Evidence the current approach is not working


The following is taken from a report by young minds (https://youngminds.org.uk/media/1428/wise-up-prioritising-wellbeing-in-schools.pdf)


There is a growing mental health crisis in our schools. An estimated three children in every classroom have a diagnosable mental health problem, rising to one in four when we include emotional distress.


Evidence shows that across the UK, mental health issues in children are increasing while child wellbeing is deteriorating. Young people today have to navigate a complex and ever-changing world, facing challenges and pressures in numerous aspects of their life. In fact, 90% of school leaders have reported an increase in the number of students experiencing anxiety or stress over the last years.


Concurrently, referrals to specialist mental health services nearly doubled between 2010-11 and 2014-15. As a result, NHS Child and Adolescent Mental Health Services (CAMHS) are overwhelmed. Currently, just one in four children with a diagnosable mental health problem gets access to the treatment and care that they need. Despite improvements since Future in Mind, waiting times remain too long, and high thresholds for access to care are causing an unnecessary escalation of need.


Life skills that are more suitable for young adults in our stormy 21st century


It's about helping young adults learn life skills to get their sense of belonging and their sense of who they are from joining fluid groups that are full of people who kindly cooperate without any fixed ways of doing things. Groups full of people who use the lack of any fixed ways of doing things to accept themselves, accept others, and accept the circumstances the group is in. To use this acceptance to adapt their own choices to improve the balance between meeting their needs and meeting the needs of others...to be the best version of themselves in a group that is being the best version of itself. To kindly cooperate without fixed ways of doing things. These fluid life skills are far more suited to helping young adults figure out where and with whom they belong in today's stormy, global, mobile, interconnected and multicultural reality. And these are life skills that are increasingly being demanded by good employers and professional sports teams.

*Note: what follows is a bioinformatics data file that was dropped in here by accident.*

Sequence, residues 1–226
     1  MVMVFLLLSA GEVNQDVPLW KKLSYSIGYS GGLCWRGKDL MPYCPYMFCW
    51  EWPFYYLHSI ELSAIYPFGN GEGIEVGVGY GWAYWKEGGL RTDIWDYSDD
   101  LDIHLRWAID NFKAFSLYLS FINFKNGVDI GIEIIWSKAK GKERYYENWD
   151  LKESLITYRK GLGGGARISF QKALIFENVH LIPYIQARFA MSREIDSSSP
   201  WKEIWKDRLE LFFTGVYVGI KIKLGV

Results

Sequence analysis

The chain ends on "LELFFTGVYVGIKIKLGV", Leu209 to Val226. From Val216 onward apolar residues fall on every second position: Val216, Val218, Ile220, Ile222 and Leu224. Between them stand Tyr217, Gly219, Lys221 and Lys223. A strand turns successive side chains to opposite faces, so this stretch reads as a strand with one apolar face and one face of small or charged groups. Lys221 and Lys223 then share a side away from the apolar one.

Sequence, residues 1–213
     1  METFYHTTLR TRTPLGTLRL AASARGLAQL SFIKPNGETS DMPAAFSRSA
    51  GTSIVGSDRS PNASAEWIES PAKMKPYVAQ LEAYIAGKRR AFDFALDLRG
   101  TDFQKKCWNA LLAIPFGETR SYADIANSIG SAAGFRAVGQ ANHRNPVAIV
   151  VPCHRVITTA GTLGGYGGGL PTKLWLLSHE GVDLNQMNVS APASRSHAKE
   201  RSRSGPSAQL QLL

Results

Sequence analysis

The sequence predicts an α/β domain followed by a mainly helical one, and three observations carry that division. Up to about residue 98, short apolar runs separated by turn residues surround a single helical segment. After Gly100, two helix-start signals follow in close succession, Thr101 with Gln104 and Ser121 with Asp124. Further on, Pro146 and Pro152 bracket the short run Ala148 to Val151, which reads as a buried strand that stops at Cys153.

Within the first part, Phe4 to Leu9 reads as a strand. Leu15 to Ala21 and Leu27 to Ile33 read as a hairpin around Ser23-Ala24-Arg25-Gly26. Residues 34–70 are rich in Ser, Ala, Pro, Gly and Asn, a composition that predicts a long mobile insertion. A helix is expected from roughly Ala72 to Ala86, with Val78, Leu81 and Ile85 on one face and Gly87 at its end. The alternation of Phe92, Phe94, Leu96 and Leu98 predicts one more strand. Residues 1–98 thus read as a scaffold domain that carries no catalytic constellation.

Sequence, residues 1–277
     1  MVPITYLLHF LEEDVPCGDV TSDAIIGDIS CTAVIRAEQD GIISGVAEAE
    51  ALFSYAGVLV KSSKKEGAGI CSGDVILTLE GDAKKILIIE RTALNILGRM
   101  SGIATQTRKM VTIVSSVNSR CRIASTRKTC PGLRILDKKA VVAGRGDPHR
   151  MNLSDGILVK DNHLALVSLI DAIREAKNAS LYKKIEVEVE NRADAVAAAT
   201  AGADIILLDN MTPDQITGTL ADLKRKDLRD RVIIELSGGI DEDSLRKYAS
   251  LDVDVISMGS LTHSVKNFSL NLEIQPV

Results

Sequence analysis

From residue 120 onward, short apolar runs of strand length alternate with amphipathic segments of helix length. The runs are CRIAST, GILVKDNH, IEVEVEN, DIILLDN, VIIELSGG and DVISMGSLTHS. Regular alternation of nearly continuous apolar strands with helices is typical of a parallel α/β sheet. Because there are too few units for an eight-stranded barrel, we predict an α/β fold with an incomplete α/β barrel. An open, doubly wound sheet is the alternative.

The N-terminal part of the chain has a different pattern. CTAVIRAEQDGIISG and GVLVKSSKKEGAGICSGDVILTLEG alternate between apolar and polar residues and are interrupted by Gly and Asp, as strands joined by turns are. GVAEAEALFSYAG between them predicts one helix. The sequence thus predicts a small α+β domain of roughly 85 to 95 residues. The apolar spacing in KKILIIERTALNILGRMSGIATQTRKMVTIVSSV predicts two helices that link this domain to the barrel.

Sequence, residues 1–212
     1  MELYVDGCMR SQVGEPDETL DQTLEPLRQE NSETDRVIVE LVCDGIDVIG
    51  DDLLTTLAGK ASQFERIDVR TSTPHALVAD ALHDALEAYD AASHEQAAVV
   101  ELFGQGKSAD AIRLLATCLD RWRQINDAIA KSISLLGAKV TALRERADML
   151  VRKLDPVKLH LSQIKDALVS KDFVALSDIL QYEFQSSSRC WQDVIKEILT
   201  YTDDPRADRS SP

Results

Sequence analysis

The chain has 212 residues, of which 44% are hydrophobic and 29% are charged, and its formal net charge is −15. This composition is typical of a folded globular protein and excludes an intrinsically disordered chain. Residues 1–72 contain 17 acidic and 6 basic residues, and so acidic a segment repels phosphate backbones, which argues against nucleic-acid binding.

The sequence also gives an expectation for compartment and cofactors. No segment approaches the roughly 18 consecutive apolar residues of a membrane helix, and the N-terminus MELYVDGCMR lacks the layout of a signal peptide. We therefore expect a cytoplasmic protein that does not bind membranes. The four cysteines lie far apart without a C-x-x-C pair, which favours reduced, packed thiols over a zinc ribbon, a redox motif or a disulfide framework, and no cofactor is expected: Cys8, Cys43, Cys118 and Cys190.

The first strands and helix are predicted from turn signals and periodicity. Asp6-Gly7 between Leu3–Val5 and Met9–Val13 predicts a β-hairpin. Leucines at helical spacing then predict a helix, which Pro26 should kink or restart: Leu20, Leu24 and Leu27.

My handbook shares how coaches and youth group leaders can create fluid groups using life skills that are more suited to help young adults manage their own welfare in our stormy 21st century. Young adults develop these life skills by joining your groups.


The rest of this handbook will share…


  • A more detailed look at what 20th century life skills are,
  • What is happening in the 21st century,
  • The impact of the 21st century on young adults using life skills for the 20 century,
  • A more detailed look at what 21st century life skills are,
  • A comparison between 20th and 21st century life skills, and
  • How to set up and lead groups that use 21st century life skills.


Jon's handbook shares a set of life skills that are more suited to the lives of young adults in our stormy 21st century.

Contact, Jon.Thorne@MyInnovationSpace.com